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Half time report: how the Tigers rank

Here’s how the Tigers stack up in pitching, hitting at the all star break

Oakland Athletics v Detroit Tigers Photo by Duane Burleson/Getty Images

In a first half that was marred by injuries mainly to the pitching staff and poor hitting mainly due to poor hitters, the Detroit Tigers find themselves in third place at the all star break5-1/2 games behind Cleveland. After posting a winning record of 16-11 for the month of May, the club found themselves within a game of the division lead on May 27, but injuries within 24 hours of each other to Riley Greene and Eduardo Rodriguez, arguably their best hitter and pitcher, sent them reeling with a nine game losing streak that accounts for the gap in the standings.


The Tigers fielded a historically bad lineup in 2022, scoring fewer runs per game than any Detroit team had scored in over 110 seasons. The club did little in the off season to improve on that, and it shows in the statistics.

As we can see in the charts below, the Tigers’ lineup ranks consistently in the bottom five among the 30 major league teams in just about every offensive category, with the exception of walks.

2023 Tigers lineup first half ranks

Metric Rank
Metric Rank
Runs/game 28
Avg 27
OBP 26
SLG 28
HR 25
SB 28
BB pct 16
K pct 23

Breaking down the strengths and weaknesses of the lineup, it’s not hard to spot the areas in most need of improvement, as shown in the chart below.

2023 Tigers, offensive rank by position

Position Tigers wRC+ MLB Rank fWAR fWAR rank
Position Tigers wRC+ MLB Rank fWAR fWAR rank
Catcher 78 21st 1 17
First Base 97 22 0.2 25
Second Base 69 28 0.1 24
Third Base 52 30 -2 30
Shortstop 56 28 0.3 25
Left Field 113 12 3.1 6
Center Field 117 10 1.9 20
Right Field 62 29 -0.8 27
Designated Hitter 105 17 0.3 19

The Tigers have gotten solid performance from the left and center field positions, as well as designated hitter, while Spencer Torkelson is steadily improving at first base. Miguel Cabrera is holding his own while seeing limited action in his final season. Kerry Carpenter and Matt Vierling are doing their share in the outfield and Riley Greene was on his way to an all star performance before landing on the injured list.

The biggest problem positions have been on the left side of the infield where Javier Baez continues to swing at shadows, producing very little, and the team hasn’t settled on a steady third baseman.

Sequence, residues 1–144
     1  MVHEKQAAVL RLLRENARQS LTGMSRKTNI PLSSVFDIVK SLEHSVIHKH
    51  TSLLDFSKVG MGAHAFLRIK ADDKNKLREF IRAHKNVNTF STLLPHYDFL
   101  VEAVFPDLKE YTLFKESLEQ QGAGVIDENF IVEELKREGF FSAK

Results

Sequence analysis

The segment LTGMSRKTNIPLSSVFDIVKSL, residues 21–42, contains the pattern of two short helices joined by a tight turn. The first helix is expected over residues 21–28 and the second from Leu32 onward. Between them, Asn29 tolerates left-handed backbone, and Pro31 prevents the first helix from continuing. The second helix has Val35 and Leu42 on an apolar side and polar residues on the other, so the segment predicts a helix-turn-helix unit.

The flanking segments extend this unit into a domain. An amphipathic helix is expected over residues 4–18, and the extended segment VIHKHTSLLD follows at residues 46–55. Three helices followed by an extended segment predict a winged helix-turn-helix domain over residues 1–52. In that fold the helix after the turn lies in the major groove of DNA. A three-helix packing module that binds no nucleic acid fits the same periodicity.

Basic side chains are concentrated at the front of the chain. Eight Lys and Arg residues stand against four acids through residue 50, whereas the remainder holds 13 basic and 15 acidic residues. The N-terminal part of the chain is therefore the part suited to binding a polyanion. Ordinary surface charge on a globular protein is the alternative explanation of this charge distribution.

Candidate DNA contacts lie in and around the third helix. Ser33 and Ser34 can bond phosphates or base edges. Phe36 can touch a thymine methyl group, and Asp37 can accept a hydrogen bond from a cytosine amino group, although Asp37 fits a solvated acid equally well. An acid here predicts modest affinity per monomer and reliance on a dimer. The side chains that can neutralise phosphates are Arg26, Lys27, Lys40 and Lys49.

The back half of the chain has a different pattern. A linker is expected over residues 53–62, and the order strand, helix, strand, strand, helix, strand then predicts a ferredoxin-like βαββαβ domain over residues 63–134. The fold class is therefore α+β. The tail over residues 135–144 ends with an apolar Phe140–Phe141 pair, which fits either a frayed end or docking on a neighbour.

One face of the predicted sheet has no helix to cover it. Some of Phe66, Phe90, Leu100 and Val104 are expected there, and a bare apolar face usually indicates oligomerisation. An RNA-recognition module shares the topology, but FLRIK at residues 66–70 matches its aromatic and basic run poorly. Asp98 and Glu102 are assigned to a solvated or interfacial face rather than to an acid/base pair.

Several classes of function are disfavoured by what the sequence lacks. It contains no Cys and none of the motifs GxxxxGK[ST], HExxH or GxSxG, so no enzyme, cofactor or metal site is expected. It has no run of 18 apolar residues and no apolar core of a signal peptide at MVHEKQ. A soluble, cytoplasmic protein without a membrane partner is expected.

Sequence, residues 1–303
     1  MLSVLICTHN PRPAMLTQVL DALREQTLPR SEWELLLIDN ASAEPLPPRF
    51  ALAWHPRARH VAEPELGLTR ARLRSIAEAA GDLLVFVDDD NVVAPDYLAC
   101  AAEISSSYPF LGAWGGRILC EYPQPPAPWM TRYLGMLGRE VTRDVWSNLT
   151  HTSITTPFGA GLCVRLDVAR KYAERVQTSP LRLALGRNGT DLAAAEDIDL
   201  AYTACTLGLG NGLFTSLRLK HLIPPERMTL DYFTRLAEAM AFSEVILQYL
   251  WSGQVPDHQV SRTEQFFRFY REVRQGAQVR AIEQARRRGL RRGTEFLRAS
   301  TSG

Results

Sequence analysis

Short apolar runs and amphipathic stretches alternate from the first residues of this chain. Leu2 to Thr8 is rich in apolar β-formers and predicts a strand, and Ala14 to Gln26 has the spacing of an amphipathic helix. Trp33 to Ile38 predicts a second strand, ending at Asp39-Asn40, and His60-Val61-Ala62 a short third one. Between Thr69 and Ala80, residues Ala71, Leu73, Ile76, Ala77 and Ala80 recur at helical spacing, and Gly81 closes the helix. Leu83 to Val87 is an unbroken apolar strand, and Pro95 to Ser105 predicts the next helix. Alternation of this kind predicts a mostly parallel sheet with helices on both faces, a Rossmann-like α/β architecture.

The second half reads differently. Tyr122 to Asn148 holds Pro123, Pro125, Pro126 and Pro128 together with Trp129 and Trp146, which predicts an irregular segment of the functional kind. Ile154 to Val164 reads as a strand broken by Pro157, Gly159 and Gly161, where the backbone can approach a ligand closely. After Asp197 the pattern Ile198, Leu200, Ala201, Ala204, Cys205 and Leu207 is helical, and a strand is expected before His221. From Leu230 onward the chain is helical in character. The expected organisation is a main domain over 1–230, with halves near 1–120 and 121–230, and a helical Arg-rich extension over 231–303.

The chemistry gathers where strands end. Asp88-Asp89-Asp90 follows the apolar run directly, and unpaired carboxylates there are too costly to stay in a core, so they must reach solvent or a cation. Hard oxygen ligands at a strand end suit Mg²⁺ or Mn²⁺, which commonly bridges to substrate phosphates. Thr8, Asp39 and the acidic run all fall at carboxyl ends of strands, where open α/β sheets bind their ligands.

Indeed, McKinstry has been a league average hitter, although he has cooled off just as others have heated up at the plate. Likewise Jake Rogers has been above average offensively while Eric Haase has been a black hole in the lineup when he starts behind the plate.

Perhaps a lineup with McKinstry and the red hot Andy Ibanez will provide a boost without Jonathan Schoop, who has been released, and Nick Maton who has been optioned to the minor leagues.


On the mound, the Tigers lost every single starting pitcher from their opening day rotation to the injured list for much of the first half of the season. They are just getting Eduardo Rodriguez, Matt Manning, and Tarik Skubal back, while Spencer Turnbull is expected to rejoin the team by the end of July. Casey Mize is probably out for the rest of the season after having surgery.

Here is how the Tigers’ pitching ranks at the break, for starters, relievers, and the staff as a whole:

2023 Tigers first half pitching ranks

Metric SP rank RP rank Pitching rank
Metric SP rank RP rank Pitching rank
ERA 26 16 23
FIP 20 15 18
K/9 18 22 20
BB/9 10 3 4
HR/9 23 21 21
WHIP 13 11 14
Avg 17 19 18
GB pct 22 9 13

As one might expect, the rotation struggled through all the injuries, with 14 different pitchers starting at least one game this season. All Star Michael Lorenzen, Joey Wentz, and Matthew Boyd led the team with 15 starts apiece. Turnbull, Matt Manning, and Skubal made only a dozen starts combined, so the rotation that we see in the second half will be a different cast of players than we saw in the first half of the season.

As a group, the Tigers did a better job of limiting the number of base runners than they did at keeping the ball in the park or preventing runners from scoring. This is true of both the rotation and the bullpen.

The relief corps has arguably been the strongest part of the roster thus far, limiting opponents to about a league average number of runs scored. The team has won 20 of 33 games where the bullpen got the decision. Still, they have blown 15 of 33 save opportunities with a save percentage of just 56 percent. Alex Lange and Jason Foley in particular have been very steady in relief.

Both the rotation and the bullpen have taken the cue to control the strike zone as they rank among league leaders in BB/9 ratio. The “new” rotation will need to do a much better job of keeping the ball in the park.

Whether the Tigers have enough to remain in contention remains to be seen. They can now field a lineup with six players who posted a wRC+ around or above 100 for the first half. They will also have 80 percent of their rotation healthy once Turnbull returns, barring further injuries.

The Tigers are fortunate to be in baseball’s weakest division, where a .500 record could come very close to winning the division. Nobody is going to mistake this squad for World Series contenders, but some team is going to represent the AL central in the playoffs. It might as well be us!